24 October 2008
Speed freaks aim to tame Bloodhound car's ground-based sonic boom
by Kate Melville
Using computational fluid dynamics (CFD), an aerodynamics team at Swansea University in the UK is playing a vital role in the development of the 1,000 mph Bloodhound Supersonic Car (SSC). "From the nose to the tail, anything that has any kind of aerodynamic influence we are modeling," says researcher Dr. Ben Evans. "It's the kind of thing aerospace engineers would have traditionally done in a wind tunnel, but we're doing it on a big multi-processor super computer. Wind tunnels have massive limitations. Bloodhound SSC is a car, so it's rolling on the ground and there are no wind tunnels in existence where you can simulate a rolling ground with a car traveling faster than mach one."
This "mach factor" is the major difference between this vehicle and its predecessor, Thrust SSC. Thrust SSC was a supersonic car in that it crossed the sound barrier and was supersonic for a matter of seconds. But with Bloodhound, the target speed is 1,000mph - mach 1.4. It will be supersonic far beyond mach one, and for a much longer time period, which means the supersonic shockwaves it creates will be far stronger than Thrust SSC, and they will interact with the car and the desert floor for much longer.
"Once you start approaching, and go beyond the speed of sound, you can no longer send a pressure wave forward to tell the air ahead of you you're coming," explained Evans. "What happens is a big pressure wall builds up in front of you. Rather than air slowly and smoothly getting out of the way, at supersonic speeds these changes happen very suddenly in a shockwave. What we're trying to understand is what happens when this shockwave interacts with a solid surface which is a matter of centimeters away."
What the team do know is this "interaction" creates a phenomenon known as "spray drag" - a term first coined by Bloodhound team member and aerodynamicist Ron Ayers during the Thrust SSC attempts. Spray drag is an additional drag component not accounted for in aerodynamic or rolling resistance theory.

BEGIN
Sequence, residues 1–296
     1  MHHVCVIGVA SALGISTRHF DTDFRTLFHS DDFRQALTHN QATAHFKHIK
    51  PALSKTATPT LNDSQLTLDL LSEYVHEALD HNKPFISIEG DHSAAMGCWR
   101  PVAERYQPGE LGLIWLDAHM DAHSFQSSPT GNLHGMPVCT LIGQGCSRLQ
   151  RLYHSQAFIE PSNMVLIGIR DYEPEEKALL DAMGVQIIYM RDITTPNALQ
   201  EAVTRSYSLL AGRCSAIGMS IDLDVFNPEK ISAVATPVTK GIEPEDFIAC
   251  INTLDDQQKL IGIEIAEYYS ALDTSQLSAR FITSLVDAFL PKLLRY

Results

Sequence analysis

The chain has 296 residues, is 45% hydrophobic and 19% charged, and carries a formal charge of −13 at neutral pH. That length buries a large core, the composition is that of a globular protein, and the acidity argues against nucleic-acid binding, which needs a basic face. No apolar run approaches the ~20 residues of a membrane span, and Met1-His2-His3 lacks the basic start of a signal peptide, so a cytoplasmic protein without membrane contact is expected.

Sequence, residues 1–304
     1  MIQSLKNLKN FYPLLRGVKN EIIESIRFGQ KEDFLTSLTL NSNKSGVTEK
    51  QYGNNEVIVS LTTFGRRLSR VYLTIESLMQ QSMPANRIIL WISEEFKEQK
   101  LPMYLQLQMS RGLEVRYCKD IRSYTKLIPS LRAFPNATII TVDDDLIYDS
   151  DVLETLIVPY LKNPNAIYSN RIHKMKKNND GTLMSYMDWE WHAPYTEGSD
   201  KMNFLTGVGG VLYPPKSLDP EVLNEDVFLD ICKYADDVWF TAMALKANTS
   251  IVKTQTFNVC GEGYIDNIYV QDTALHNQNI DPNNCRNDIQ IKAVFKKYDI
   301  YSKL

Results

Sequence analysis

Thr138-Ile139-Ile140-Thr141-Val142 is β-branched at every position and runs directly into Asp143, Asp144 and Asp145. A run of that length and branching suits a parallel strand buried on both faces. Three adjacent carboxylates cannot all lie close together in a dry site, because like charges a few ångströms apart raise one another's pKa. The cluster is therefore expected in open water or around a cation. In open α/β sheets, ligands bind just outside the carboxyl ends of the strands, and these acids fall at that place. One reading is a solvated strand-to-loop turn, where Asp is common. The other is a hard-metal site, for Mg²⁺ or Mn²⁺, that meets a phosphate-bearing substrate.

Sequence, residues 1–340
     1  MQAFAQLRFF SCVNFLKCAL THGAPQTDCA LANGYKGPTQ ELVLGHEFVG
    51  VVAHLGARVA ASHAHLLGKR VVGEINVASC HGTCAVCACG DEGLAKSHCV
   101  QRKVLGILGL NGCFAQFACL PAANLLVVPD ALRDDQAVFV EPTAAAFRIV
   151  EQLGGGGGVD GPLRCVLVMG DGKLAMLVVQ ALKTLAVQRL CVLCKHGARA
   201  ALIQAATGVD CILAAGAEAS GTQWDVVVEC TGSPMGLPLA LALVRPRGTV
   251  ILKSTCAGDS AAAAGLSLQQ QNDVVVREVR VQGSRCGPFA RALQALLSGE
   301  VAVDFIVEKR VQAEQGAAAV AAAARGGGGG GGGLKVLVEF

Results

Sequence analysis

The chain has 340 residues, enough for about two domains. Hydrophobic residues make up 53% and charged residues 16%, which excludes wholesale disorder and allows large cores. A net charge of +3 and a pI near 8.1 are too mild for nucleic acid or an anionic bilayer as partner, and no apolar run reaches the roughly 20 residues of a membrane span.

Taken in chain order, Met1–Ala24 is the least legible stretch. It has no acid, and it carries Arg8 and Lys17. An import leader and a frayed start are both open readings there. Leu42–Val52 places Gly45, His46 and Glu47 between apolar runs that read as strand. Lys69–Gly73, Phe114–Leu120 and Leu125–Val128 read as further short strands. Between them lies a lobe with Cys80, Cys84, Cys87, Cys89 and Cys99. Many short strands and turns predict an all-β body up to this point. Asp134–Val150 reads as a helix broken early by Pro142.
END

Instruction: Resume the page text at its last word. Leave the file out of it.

"As the car interacts with the desert, and the shockwaves interact with the desert, they actually eat up the desert floor," says Evans. "That introduces sand particles into the aerodynamic flow around the car and this interaction is not accounted for in standard CFD work. We plan to look at this spray drag phenomena, what happens and when, and how the sand particles impinge on the car."
"We want a nose [on the car] that constantly generates a small down force on the front to help keep the car on the ground. But we're also constantly looking a how we can minimize spray drag and if we can constantly achieve a positive pressure on the desert surface leading up to the front wheels then hopefully the surface will remain intact until the front wheels roll over it."
In time, the research could lead to better vehicle or aircraft design, improved fuel efficiencies, and even new medical techniques. "There are the obvious applications in aerospace, but any application you can think of that involves fluid flow can be modeled using CFD. Some of my university colleagues are working on blood flow monitoring through the arterial system and trying to predict when aneurysms will explode through pressure loadings. Biomechanical systems seem to be one of the areas CFD is being applied to now."
Source: Engineering and Physical Sciences Research Council UK, National Physical Laboratory UK